As part of the benchmarking program’s ability to rank the individual closeout, we have created what we call the SMS Production Index (Table 1). It is comprised of 4 numbers:

  • Death Loss and DOA's by percentage
  • Culls and Lights by percentage
  • Average Daily Gain
  • Adjusted Feed Conversion (50-270 lb.)

We picked these numbers because they are very comparable numbers across all closeouts and are not affected by changes in markets and feed costs.

Death loss and DOA's have the number-one economic impact on the breakeven price. As you see in the table, Death Loss and DOA’s for the top 25% of farms in the SMS database are at 1.5% versus the bottom 25% of the farms (75-100%) at 5.8%. We performed a calculation in order to show the cost in loss of income caused by pig deaths. The average pig dies at 85 days, so with the value of a feeder pig at $70 + $50 feed +$8 yardage +$7 other cost = $135 invested in a dead pig, or $1.35 added to the breakeven for each 1% death loss for the group.

The second variable is “Culls and Lights.” When you consider pigs in this category are selling for an average $45 less than full-value market hogs, our calculations show that for each 1% in culls you can add $0.45 to the breakeven price.

Average Daily Gain (ADG) determines how much time a pigs spends in the finisher, or how much the pig weighs at marketing. The data shows the average cost for yardage is at $0.11 per pig, per day. And, currently the extra pound of pork equates to a sale price of $0.60 per pound. The data shows the Top 25% of the farms had ADG at 1.91 with average weight sold at 261.1 lb. The Bottom 25% (75-100%) was down to 1.71 for ADG and recorded market weight at 255.3 lb. We can calculate if a producer has fixed days in finishing, the market value difference is 5.8 lb. at $0.60, which equals $3.48 per pig.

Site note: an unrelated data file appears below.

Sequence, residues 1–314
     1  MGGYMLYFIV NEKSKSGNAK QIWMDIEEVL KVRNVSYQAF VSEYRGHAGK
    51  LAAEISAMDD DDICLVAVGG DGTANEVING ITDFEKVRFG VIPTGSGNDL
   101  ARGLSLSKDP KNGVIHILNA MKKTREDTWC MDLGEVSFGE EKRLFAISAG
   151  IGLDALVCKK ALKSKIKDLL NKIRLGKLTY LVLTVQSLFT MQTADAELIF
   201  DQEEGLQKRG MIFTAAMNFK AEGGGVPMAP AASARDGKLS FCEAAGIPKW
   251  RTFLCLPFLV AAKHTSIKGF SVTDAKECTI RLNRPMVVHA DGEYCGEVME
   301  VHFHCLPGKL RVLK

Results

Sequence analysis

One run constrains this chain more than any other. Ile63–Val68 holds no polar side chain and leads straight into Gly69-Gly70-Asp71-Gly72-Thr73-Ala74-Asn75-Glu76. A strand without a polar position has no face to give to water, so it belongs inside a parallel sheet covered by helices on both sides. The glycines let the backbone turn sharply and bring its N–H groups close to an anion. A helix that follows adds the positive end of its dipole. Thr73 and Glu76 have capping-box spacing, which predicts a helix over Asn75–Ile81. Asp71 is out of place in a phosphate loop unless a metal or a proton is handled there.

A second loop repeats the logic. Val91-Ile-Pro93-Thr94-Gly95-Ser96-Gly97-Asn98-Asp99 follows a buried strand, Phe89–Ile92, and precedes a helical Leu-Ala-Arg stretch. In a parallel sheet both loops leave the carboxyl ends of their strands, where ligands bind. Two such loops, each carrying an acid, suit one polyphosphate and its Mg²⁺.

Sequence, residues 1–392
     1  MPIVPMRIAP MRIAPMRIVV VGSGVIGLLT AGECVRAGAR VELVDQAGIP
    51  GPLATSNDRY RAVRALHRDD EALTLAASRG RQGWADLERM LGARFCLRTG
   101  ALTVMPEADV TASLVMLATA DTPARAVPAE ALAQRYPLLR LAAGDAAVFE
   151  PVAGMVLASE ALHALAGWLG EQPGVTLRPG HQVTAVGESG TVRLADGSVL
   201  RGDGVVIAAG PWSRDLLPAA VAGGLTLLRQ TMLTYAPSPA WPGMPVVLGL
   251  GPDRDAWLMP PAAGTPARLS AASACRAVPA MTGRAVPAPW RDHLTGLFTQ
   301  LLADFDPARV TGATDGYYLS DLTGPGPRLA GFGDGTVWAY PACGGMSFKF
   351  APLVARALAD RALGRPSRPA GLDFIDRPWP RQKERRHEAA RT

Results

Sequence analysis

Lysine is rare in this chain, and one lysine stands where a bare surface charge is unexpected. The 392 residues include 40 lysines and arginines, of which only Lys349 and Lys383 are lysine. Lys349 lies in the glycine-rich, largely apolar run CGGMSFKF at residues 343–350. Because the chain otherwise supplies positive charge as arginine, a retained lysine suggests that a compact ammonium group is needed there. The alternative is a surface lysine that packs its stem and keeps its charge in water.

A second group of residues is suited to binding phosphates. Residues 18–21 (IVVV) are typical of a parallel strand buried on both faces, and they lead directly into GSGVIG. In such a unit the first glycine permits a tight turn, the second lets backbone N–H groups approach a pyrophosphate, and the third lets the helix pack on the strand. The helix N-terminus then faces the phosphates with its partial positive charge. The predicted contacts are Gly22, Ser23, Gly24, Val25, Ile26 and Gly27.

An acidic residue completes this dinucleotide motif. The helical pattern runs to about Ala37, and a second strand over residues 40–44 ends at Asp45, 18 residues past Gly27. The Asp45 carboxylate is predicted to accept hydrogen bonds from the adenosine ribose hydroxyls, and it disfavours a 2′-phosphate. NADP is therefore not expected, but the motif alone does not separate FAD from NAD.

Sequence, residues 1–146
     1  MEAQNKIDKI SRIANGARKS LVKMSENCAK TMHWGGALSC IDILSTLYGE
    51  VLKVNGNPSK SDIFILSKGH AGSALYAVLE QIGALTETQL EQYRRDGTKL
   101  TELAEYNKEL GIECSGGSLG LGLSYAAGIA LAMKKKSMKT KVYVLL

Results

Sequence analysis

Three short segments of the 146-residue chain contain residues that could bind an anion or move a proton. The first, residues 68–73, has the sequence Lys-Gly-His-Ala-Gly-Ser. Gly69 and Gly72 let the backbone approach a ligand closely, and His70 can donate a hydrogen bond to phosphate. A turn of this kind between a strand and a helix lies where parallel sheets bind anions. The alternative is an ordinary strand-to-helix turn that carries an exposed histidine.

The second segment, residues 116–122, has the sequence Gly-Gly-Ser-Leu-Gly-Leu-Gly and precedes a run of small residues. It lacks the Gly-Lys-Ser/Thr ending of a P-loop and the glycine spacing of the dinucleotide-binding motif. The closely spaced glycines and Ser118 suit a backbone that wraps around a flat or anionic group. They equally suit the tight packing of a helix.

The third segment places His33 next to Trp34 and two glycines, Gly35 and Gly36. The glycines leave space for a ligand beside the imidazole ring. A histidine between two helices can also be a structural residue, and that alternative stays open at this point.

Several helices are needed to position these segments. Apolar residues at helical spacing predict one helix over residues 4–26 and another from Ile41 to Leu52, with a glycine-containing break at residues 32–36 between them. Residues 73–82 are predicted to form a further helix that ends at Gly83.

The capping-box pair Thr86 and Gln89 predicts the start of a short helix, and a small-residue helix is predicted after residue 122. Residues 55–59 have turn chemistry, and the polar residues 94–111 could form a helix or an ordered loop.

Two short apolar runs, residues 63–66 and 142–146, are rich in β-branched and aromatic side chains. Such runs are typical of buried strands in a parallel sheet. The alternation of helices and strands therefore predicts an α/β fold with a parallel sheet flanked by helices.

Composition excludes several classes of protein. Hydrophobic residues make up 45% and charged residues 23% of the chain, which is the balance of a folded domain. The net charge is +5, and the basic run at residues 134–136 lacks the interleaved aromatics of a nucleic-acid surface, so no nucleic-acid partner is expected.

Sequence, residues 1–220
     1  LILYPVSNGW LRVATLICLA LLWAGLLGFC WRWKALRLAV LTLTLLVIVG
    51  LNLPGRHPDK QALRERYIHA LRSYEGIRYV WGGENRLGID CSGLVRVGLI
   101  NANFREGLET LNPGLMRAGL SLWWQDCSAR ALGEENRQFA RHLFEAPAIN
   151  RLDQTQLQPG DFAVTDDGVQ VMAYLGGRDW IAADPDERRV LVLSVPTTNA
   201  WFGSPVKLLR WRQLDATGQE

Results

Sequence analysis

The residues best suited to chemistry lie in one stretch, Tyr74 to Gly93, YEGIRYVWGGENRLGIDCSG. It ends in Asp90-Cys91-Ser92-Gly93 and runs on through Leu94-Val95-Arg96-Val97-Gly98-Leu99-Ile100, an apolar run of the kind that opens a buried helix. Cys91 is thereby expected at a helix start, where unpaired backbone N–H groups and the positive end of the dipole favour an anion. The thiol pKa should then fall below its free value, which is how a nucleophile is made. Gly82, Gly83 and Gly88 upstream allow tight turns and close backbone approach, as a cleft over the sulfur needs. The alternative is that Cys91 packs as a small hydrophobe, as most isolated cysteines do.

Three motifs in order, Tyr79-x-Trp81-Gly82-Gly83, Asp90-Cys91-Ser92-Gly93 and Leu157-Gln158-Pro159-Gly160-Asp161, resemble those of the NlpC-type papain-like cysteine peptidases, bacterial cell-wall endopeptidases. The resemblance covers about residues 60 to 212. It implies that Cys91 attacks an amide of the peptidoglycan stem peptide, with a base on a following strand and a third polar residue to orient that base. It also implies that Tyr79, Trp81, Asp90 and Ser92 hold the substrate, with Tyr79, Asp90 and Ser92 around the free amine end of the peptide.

Feed conversion is the fourth variable that makes up the SMS Production Index number. We know that there is a lot of variation in both the energy level of diets and diet form (meal or pellet). We feel that it would be very hard to get accurate information on calorie levels of diets used. However with the large variation in starting and ending weights in finisher closeouts, we decided to adjust the weights with starting weight to 50 lb. and ending weight at 270 lb. in order to have an Adjusted Feed Conversion number. For this article, we gave feed an average value of $0.12 per pound. Adjusted Feed Conversion for the Top 25% at 2.62, with the Bottom 25% (75-100%) at 2.92 means a drop to 0.30 lb. of feed per pound of gain. If a pigs gains on average 200 lb. x 0.30 lb. = an extra 60 lb. of feed at $0.12 per pound = $7.20 per head.


Table 1 uses the four variables in the SMS Production Index with added values. The table is set up to show the extra income or loss for the average. The difference in value between the Top 25% and Bottom 25% (75-100%) was $14.03 per pig. The table shows Death Loss & DOA’s as the biggest loss area, with the Top 25% at 1.5%, thus improving the value of these pigs by an extra $2.63 per pig.

At SMS, our mission statement is to provide “information solutions for the swine industry”. The addition of SMS Closeout Benchmarking reports will now allow us to talk about both sows and finisher performance. If your farm would like to be part of the either or both Benchmarking databases, or if you have suggestions on production areas to look at, feel free to e-mail or call us. We are looking forward to the year 2014 and being a part of the National Hog Farmer Weekly Preview team.